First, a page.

Paws-up for pet therapy in our hematology unit
There are a couple of new dogs in town and they’re hitting the hematology unit at Hamilton Health Sciences’ (HHS) Juravinski Hospital (JH). Patient pet therapists Manu and Penny have been bringing smiles and warmth to some of our patients.
Two sisters and their dogs
Leanne Parsons, volunteer resources coordinator for pet therapy visits at HHS, was excited to onboard this addition to JHs’ hematology unit (C4). “When Diane Crawshaw, system navigator requested pet therapy for patients on C4, I had a pet therapy team that I knew would be a great match,” says Parsons.
Twin sisters Carolyn March and Margaret MacKenzie volunteer with the St. John’s Ambulance pet therapy program. The pair have been providing pet therapy for HHS at St. Peter’s Hospital for over 20 years, and have recently added JH to their visits. The sisters own two rescued greyhounds, with the oldest being Penny, a 13-year-old Italian greyhound, and Manu a younger Spanish greyhound. They also have another hound, Lola, who alternates visits with the crew.
“Bringing the dogs to Juravinski changed a lot of patient experiences,” says Parsons. “Their faces light up when they see the dogs. I see patients become more animated, interested, and communicative.”
Feelings of home
“The dogs have become a transformative part of the program that patients really look forward to,” says Crawshaw.
Many patients who are admitted to the hospital have furry friends at home that they miss very much. “It brings a sense of comfort getting to interact with these sweet dogs, and brings a feeling of home into their hospital rooms,” says Crawshaw.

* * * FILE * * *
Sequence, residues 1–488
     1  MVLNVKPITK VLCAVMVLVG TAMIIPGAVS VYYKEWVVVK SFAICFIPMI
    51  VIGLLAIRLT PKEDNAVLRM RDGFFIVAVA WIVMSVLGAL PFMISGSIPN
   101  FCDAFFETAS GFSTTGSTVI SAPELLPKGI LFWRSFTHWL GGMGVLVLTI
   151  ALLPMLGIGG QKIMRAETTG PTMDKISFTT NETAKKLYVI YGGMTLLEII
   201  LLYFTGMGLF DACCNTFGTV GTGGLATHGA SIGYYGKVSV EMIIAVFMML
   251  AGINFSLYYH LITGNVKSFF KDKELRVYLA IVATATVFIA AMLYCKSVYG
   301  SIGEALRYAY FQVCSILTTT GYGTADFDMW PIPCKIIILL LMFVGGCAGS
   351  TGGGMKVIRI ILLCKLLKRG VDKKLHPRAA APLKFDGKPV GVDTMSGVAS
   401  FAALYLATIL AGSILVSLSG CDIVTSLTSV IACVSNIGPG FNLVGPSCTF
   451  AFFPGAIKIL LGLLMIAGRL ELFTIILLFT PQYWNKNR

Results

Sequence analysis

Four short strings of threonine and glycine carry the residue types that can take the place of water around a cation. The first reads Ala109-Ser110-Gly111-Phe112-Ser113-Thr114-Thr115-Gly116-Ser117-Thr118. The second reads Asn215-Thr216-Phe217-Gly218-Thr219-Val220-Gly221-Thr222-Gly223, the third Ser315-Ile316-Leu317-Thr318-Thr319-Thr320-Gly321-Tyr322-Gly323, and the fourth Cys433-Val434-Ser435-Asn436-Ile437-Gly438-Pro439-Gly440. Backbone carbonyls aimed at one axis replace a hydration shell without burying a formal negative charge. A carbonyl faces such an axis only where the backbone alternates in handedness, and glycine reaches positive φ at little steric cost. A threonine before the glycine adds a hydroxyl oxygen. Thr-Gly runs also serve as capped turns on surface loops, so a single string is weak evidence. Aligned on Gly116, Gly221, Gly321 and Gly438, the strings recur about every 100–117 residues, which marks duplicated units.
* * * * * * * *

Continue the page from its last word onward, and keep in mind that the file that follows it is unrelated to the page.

“It’s a good thing for people, and it fills people’s hearts with happiness,” says Art Rebek, patient at JH.
Parsons adds, “Patients often start talking about their pet at home or the pet they had growing up. These visiting pets often have a calming effect and we see the patients less stressed and more relaxed.”
Juravinski Hospital patient, Art Rebek, always looks forward to visits from the dogs. “When these two come to visit me, it makes my day and brings me the comfort of home,” says Art. “It’s a good thing for people, and it fills people’s hearts with happiness.”
Paws-itively impacting patients
“I remember one patient was sad one morning,” says Crawshaw. “She didn’t want to eat her breakfast, was very quiet, and just really down. As soon as the dogs came through, she instantly perked up and her whole mood changed. She even had something to eat after.”
Patients can’t express enough how this program helps make their day and lift their spirits.
“The amount of requests we’re getting for pet therapy at our hospitals is a clear indication of the interest and excitement of pet therapy in our organization,” says Parsons. “For many, just seeing the pets come to Juravinski has a positive impact on patients, family members and staff.”